Reading the Market
The direction of the overall market influences the behavior of individual securities. Study the overall market first before looking at any stocks in isolation.
US stock markets represent almost half of the combined value of all global markets and significantly influence other markets. Always keep a weather eye on the direction of the 3 averages: the Dow Jones Industrial Average, Standard & Poor 500 and the Nasdaq.
Stay on the alert for events which could have a significant effect on the global (or US) economy. The usual suspects are:
- interest rates,
- oil prices, and
- currency collapses.
The chart below shows 3 major indices over a 5 year period. Their growth rates may vary but all move in sympathy with each other.
The market is the major influence on the performance of an individual security. In Point & Figure Charting Thomas Dorsey compares the impact of the market to other influences on the price of an individual stock:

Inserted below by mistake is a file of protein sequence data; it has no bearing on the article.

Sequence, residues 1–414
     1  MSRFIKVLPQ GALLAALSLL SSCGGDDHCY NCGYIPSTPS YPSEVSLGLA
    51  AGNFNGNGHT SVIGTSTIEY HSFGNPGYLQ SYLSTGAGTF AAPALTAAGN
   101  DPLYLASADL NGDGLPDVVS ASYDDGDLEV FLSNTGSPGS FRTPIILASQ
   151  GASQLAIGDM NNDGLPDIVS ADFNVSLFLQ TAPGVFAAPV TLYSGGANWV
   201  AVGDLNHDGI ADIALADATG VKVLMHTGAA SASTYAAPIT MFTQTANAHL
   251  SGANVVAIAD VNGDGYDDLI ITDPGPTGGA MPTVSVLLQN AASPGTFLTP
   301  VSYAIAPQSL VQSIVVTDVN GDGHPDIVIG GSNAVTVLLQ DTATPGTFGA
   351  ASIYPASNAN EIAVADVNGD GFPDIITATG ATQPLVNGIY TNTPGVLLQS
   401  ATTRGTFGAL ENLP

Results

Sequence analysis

Actual figures may vary substantially but the largest influence for most stocks will be market risk.
Chart patterns are often used to identify major market changes:
Several market direction systems also deserve mention:
- Stan Weinstein's 30-week Moving Average Model from Secrets for Profiting in Bull and Bear Markets.
- William J. O'Neill's Market Top and Market Bottom signals from 24 Essential Lessons for Investment Success;
- The NYSE Bullish Percent Index explained by Thomas Dorsey in Point & Figure Charting;
- MA Systems use two Moving Averages to identify trend changes.
- MACD Histogram is more suited to traders than investors: signals are generated a lot earlier in the trend but are less reliable as a consequence.
- The Coppock Indicator - an oscillator with one sole purpose: to identify the commencement of a bull market.